You might also want to know that you shouldn’t plant spring flowering bulbs in the fall until the soil temperature drops below 60 degrees; the roots of trees and shrubs will continue to grow until soil temperatures drop below 40 degrees in the fall; crabgrass will start to germinate when the soil temperature reaches 55 degrees for four or more days in a row; cool-season grass seed can be planted when the soil temperatures are in the 60 degree range; and seed potatoes tend to rot in cold, wet soils below 50 degrees, sprouting best in soils of 55 to 70 degrees.

Seed Starting Supplies: It’s logical that many seed catalogs also offer all sorts of seed starting equipment from flats, to seed starting potting mix, mini-greenhouses, bottom heat mats, plant labels, hand seeders and more. Rootrainers caught my eye. Thirty-two Rootrainer cells come with a tray. Each of the cells is 1.5 inches square and 5 inches deep, deeper than many other seed starter cells. These deep cells encourage a longer root system and help improve transplant survival. Each set of four cells can be opened up so you can check the progress of the roots and so you can easily remove the seedling for transplanting. These can be found in Park Seed Company’s catalog (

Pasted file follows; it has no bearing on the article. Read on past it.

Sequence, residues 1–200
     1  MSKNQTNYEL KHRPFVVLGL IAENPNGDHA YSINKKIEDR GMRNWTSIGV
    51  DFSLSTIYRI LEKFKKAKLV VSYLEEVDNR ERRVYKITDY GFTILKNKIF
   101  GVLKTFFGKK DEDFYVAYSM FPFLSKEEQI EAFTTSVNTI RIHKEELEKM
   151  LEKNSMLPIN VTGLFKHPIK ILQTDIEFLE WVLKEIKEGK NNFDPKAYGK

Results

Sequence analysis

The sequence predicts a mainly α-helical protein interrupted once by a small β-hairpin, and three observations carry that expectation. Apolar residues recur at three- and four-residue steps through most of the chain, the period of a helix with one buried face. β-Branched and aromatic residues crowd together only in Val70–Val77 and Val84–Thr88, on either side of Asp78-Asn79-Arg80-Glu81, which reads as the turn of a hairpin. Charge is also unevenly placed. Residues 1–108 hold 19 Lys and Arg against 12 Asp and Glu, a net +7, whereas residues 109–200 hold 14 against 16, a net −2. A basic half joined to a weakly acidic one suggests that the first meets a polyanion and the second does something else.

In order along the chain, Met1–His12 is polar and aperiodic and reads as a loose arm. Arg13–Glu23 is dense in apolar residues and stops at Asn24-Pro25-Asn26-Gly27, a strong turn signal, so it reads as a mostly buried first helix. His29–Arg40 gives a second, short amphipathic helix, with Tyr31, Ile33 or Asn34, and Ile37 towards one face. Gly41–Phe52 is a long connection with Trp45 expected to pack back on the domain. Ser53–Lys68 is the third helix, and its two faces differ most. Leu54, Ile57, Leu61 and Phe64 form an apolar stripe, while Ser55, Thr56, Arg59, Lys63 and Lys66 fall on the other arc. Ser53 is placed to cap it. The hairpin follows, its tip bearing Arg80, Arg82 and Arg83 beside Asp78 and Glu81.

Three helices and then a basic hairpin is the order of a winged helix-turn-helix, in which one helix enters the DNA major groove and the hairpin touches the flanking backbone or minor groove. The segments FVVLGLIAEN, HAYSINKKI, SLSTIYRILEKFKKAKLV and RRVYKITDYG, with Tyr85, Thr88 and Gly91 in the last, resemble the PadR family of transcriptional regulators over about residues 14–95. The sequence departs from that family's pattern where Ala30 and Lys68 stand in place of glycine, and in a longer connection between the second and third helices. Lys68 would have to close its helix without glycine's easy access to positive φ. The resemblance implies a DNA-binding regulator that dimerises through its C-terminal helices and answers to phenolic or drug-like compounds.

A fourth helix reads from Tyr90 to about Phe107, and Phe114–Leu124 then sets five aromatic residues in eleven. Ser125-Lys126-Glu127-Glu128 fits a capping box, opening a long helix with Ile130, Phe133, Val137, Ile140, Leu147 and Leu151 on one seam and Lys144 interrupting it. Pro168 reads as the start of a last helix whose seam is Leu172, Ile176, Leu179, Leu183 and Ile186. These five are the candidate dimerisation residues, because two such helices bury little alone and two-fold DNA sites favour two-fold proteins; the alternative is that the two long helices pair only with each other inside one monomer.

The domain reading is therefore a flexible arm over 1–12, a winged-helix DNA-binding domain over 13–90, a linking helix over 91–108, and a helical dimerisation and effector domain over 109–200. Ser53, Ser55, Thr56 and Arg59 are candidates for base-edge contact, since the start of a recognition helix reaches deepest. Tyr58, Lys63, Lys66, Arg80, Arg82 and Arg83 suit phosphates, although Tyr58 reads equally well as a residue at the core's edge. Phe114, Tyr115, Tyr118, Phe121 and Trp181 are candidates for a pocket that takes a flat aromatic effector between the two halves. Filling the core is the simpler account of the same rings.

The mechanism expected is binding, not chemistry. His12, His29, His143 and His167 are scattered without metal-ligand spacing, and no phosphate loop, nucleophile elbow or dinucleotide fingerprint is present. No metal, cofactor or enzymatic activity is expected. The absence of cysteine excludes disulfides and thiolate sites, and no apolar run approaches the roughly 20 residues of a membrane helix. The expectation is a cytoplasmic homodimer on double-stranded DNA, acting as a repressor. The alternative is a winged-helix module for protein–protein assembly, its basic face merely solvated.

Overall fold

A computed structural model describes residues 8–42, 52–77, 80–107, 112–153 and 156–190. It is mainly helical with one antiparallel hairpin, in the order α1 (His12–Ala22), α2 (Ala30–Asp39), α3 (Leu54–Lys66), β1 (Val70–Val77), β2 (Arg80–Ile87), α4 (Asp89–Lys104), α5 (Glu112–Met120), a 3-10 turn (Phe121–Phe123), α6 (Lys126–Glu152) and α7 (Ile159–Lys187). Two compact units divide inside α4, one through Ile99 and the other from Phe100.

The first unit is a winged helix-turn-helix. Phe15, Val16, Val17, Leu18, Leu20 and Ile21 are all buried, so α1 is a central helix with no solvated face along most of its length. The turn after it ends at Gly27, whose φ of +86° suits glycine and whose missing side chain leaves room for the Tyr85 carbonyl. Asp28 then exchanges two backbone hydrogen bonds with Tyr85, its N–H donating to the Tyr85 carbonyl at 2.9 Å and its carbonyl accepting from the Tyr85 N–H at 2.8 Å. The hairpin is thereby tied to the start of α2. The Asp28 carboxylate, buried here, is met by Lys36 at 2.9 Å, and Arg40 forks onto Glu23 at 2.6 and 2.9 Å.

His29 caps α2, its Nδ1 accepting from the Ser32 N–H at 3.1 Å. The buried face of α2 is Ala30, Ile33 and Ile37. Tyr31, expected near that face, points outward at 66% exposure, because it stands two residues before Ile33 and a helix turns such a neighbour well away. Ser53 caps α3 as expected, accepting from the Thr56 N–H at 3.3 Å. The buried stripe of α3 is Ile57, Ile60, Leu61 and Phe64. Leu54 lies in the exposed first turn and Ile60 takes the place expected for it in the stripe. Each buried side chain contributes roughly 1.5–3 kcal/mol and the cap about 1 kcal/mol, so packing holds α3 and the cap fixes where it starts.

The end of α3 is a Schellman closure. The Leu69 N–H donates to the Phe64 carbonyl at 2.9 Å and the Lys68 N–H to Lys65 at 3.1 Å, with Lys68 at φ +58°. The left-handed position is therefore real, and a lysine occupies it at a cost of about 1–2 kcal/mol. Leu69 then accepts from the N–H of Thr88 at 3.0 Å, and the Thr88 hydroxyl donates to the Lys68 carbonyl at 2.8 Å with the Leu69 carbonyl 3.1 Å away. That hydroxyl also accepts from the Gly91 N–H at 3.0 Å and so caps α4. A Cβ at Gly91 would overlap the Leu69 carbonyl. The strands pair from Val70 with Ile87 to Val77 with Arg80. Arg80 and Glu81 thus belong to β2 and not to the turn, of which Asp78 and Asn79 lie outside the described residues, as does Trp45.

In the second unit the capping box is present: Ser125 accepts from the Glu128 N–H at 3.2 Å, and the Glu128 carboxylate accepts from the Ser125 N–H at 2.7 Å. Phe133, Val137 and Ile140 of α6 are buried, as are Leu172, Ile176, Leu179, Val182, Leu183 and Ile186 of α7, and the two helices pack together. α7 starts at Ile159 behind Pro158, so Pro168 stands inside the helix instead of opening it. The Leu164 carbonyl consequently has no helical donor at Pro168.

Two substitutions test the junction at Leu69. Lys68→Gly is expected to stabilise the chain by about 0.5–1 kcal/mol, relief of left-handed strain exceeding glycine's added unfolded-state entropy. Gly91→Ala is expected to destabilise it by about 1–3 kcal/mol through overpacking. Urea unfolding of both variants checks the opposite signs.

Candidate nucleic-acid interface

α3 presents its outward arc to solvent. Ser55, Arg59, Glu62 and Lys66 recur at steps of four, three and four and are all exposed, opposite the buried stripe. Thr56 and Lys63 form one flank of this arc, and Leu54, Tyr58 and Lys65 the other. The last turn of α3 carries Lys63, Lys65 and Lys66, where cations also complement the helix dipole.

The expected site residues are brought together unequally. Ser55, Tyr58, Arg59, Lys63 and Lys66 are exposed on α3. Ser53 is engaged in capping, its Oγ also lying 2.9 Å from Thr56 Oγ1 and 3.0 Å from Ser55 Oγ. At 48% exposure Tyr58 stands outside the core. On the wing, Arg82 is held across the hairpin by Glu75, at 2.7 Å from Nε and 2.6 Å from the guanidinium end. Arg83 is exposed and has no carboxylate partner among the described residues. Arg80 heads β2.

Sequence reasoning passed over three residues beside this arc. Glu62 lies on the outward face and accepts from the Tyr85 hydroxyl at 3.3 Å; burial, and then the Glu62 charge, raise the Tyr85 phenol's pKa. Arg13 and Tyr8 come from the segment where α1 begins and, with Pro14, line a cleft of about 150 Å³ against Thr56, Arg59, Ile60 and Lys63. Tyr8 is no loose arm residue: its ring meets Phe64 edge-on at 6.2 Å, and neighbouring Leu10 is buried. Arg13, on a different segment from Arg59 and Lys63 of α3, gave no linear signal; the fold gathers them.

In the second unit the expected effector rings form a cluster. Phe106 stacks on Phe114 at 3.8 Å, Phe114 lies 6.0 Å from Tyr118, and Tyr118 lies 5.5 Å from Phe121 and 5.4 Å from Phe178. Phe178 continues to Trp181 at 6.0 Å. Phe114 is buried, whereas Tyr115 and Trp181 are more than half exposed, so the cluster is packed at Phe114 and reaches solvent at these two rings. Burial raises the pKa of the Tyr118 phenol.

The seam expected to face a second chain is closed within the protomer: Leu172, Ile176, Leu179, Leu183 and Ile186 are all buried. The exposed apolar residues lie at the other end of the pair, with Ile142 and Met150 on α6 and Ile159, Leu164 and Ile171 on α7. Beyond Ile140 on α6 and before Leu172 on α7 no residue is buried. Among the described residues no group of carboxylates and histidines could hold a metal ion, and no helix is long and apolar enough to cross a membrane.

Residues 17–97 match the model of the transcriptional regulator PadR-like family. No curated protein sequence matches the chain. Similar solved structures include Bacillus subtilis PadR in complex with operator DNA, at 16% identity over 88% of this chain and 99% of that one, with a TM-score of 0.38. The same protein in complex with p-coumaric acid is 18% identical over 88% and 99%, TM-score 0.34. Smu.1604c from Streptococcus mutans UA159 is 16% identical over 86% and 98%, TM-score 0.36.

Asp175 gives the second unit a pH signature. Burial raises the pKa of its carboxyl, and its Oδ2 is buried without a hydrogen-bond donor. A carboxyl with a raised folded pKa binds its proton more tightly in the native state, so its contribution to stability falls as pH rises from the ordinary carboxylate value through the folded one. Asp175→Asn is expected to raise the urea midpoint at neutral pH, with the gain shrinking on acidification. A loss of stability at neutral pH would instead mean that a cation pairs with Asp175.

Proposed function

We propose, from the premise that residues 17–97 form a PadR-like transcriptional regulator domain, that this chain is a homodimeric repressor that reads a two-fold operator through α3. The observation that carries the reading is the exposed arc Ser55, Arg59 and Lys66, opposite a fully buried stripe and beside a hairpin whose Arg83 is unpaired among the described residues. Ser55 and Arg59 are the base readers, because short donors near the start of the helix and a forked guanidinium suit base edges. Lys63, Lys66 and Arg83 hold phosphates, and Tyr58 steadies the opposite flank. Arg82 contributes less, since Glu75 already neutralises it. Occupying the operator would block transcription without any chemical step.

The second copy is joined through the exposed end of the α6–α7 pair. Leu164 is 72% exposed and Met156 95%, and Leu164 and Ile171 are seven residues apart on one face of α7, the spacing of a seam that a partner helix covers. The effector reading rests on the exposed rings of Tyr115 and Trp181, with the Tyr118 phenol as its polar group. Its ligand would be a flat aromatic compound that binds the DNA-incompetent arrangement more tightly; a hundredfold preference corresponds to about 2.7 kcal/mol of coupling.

Park Seed Company also has a complete special mini-greenhouse for starting seeds on your windowsill called a “Bio-Dome”. This is a seed flat with 60 individual cells and a plastic dome cover with vents. Each is about 15 inches long and 9.5 inches wide and comes with 60 cells that are 2.25 inches deep. The $25 cost per dome is a bit pricey, but it’s reusable from year to year.

Yes, there are plenty of wonderful seeds for sale in seed catalogs, but there’s also a wealth of other handy gardening treasures to be found.

Published: 1/29/2011 3:42 PM